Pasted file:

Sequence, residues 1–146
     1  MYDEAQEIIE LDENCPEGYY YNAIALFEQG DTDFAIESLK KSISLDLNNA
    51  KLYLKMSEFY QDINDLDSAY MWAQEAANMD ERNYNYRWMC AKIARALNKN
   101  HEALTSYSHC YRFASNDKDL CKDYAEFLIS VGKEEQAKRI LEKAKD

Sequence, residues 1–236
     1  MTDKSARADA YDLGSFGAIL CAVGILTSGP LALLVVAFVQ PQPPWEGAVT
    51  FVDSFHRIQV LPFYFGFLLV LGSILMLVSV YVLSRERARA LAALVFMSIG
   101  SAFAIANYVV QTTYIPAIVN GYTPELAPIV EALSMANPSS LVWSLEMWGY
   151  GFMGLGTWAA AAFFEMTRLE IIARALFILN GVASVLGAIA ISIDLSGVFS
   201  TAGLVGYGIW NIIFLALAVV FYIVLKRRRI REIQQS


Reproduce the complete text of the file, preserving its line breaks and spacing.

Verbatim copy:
Sequence, residues 1–146
     1  MYDEAQEIIE LDENCPEGYY YNAIALFEQG DTDFAIESLK KSISLDLNNA
    51  KLYLKMSEFY QDINDLDSAY MWAQEAANMD ERNYNYRWMC AKIARALNKN
   101  HEALTSYSHC YRFASNDKDL CKDYAEFLIS VGKEEQAKRI LEKAKD

Sequence, residues 1–236
     1  MTDKSARADA YDLGSFGAIL CAVGILTSGP LALLVVAFVQ PQPPWEGAVT
    51  FVDSFHRIQV LPFYFGFLLV LGSILMLVSV YVLSRERARA LAALVFMSIG
   101  SAFAIANYVV QTTYIPAIVN GYTPELAPIV EALSMANPSS LVWSLEMWGY
   151  GFMGLGTWAA AAFFEMTRLE IIARALFILN GVASVLGAIA ISIDLSGVFS
   201  TAGLVGYGIW NIIFLALAVV FYIVLKRRRI REIQQS